Here's the SQL query that's common to both functions.

var query = `
with names as (
select
replace(full_name, 'turbot/', '') as name -- replace with your ownerLogin
from
github_my_repository
where
full_name ~ 'turbot/steampipe-(plugin|mod)' -- replace with your ownerLogin and a pattern
order by
full_name
)
select
array_to_string(array_agg(name), ',') as names
from
names

If we run the query in the Steampipe console, the output looks like this.

steampipe-mod-alicloud-compliance,steampipe-mod-alicloud-insights,...

Let's look at how the two functions acquire that output.

Using a database connection

For this approach, we used Go's dabase/sql package which (we learned) also requires that you import github.com/lib/pq for Postgres. In this example we're querying a local instance of Steampipe but could as easily query an instance running in a Steampipe Cloud workspace.

func queryPostgresForRepos() string {
host := "localhost"
port := 9193
user := "steampipe"
password := os.Getenv("STEAMPIPE_LOCAL_PASSWORD")
dbname := "steampipe"
psqlconn := fmt.Sprintf("host=%s port=%d user=%s password=%s dbname=%s", host, port, user, password, dbname)
db, err := sql.Open("postgres", psqlconn)
CheckError(err)
defer db.Close()
rows, _ := db.Query(query)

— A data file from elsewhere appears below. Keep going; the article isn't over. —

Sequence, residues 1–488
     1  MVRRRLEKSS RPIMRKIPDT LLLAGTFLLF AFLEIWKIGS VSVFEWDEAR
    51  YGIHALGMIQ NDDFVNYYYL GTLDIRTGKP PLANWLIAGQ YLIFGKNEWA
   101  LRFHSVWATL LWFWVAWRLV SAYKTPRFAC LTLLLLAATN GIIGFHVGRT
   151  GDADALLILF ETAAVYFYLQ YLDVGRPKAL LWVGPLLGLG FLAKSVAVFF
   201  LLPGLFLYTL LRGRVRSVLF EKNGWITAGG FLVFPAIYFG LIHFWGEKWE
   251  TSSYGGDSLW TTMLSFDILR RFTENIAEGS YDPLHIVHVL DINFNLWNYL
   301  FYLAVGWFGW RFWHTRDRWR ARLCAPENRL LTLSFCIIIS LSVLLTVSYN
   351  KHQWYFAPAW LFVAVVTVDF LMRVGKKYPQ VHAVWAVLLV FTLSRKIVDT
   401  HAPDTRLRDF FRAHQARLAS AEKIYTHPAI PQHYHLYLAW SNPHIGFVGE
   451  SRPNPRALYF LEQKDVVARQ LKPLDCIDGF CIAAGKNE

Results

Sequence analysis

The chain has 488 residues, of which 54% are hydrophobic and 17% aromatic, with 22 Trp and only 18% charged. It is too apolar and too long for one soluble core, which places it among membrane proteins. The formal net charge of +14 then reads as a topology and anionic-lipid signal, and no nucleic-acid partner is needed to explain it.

var names string
for rows.Next() {
err = rows.Scan(&names)
CheckError(err)
}
return names
}

If you're running locally, you'll need to start the Steampipe service (steampipe service start) before running the program that calls this function.

Using a REST call

Here's the second method, using Steampipe Cloud's query API.

func querySpcForRepos() string {
type Result struct {
Items []struct {
Names string `json:"names"`
} `json:"items"`
}
uri := fmt.Sprintf("https://cloud.steampipe.io/api/latest/org/acme/workspace/jon/query?sql=%s", url.PathEscape(query)) //-- use your handle and workspace
req, err := http.NewRequest("GET", uri, nil)
CheckError(err)
req.Header.Add("Authorization", fmt.Sprintf("Bearer %s", os.Getenv("STEAMPIPE_CLOUD_TOKEN")))
resp, err := http.DefaultClient.Do(req)
CheckError(err)
defer resp.Body.Close()
decoder := json.NewDecoder(resp.Body)
var result Result
err = decoder.Decode(&result)